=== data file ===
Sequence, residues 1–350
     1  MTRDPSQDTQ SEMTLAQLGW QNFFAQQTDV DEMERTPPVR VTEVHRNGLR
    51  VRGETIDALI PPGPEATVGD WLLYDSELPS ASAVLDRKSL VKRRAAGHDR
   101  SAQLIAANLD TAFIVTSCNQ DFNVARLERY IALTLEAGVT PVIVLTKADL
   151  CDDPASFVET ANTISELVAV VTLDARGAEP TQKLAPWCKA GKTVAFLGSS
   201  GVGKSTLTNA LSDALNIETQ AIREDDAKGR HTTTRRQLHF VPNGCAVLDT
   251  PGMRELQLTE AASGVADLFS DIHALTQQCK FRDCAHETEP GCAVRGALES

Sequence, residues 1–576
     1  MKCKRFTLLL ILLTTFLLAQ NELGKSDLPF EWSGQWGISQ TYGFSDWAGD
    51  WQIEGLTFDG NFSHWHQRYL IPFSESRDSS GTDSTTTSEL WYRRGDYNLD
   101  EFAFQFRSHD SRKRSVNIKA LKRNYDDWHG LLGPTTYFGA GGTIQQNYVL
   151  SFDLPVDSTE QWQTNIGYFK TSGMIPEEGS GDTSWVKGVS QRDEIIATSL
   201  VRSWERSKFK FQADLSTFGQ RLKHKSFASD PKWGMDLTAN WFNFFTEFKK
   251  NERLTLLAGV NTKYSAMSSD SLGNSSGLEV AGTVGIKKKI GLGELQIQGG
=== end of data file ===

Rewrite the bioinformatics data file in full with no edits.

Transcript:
Sequence, residues 1–350
     1  MTRDPSQDTQ SEMTLAQLGW QNFFAQQTDV DEMERTPPVR VTEVHRNGLR
    51  VRGETIDALI PPGPEATVGD WLLYDSELPS ASAVLDRKSL VKRRAAGHDR
   101  SAQLIAANLD TAFIVTSCNQ DFNVARLERY IALTLEAGVT PVIVLTKADL
   151  CDDPASFVET ANTISELVAV VTLDARGAEP TQKLAPWCKA GKTVAFLGSS
   201  GVGKSTLTNA LSDALNIETQ AIREDDAKGR HTTTRRQLHF VPNGCAVLDT
   251  PGMRELQLTE AASGVADLFS DIHALTQQCK FRDCAHETEP GCAVRGALES

Sequence, residues 1–576
     1  MKCKRFTLLL ILLTTFLLAQ NELGKSDLPF EWSGQWGISQ TYGFSDWAGD
    51  WQIEGLTFDG NFSHWHQRYL IPFSESRDSS GTDSTTTSEL WYRRGDYNLD
   101  EFAFQFRSHD SRKRSVNIKA LKRNYDDWHG LLGPTTYFGA GGTIQQNYVL
   151  SFDLPVDSTE QWQTNIGYFK TSGMIPEEGS GDTSWVKGVS QRDEIIATSL
   201  VRSWERSKFK FQADLSTFGQ RLKHKSFASD PKWGMDLTAN WFNFFTEFKK
   251  NERLTLLAGV NTKYSAMSSD SLGNSSGLEV AGTVGIKKKI GLGELQIQGG